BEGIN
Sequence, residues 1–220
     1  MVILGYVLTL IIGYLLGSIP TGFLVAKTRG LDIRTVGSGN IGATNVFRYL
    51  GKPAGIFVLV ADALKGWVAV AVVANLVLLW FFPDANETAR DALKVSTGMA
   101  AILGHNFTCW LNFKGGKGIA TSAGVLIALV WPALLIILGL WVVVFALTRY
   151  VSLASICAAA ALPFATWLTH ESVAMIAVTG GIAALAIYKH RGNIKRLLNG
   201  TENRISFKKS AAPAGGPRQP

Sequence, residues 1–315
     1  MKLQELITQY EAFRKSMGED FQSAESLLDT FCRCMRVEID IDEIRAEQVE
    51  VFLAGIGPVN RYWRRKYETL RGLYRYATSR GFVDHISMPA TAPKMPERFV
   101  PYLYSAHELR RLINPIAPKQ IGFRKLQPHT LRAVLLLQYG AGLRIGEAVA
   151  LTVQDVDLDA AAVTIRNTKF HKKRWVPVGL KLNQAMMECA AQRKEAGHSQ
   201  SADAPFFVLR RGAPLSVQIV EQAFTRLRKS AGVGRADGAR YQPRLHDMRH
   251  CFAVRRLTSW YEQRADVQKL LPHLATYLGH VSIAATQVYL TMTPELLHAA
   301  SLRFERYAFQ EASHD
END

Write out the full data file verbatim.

Sequence, residues 1–220
     1  MVILGYVLTL IIGYLLGSIP TGFLVAKTRG LDIRTVGSGN IGATNVFRYL
    51  GKPAGIFVLV ADALKGWVAV AVVANLVLLW FFPDANETAR DALKVSTGMA
   101  AILGHNFTCW LNFKGGKGIA TSAGVLIALV WPALLIILGL WVVVFALTRY
   151  VSLASICAAA ALPFATWLTH ESVAMIAVTG GIAALAIYKH RGNIKRLLNG
   201  TENRISFKKS AAPAGGPRQP

Sequence, residues 1–315
     1  MKLQELITQY EAFRKSMGED FQSAESLLDT FCRCMRVEID IDEIRAEQVE
    51  VFLAGIGPVN RYWRRKYETL RGLYRYATSR GFVDHISMPA TAPKMPERFV
   101  PYLYSAHELR RLINPIAPKQ IGFRKLQPHT LRAVLLLQYG AGLRIGEAVA
   151  LTVQDVDLDA AAVTIRNTKF HKKRWVPVGL KLNQAMMECA AQRKEAGHSQ
   201  SADAPFFVLR RGAPLSVQIV EQAFTRLRKS AGVGRADGAR YQPRLHDMRH
   251  CFAVRRLTSW YEQRADVQKL LPHLATYLGH VSIAATQVYL TMTPELLHAA
   301  SLRFERYAFQ EASHD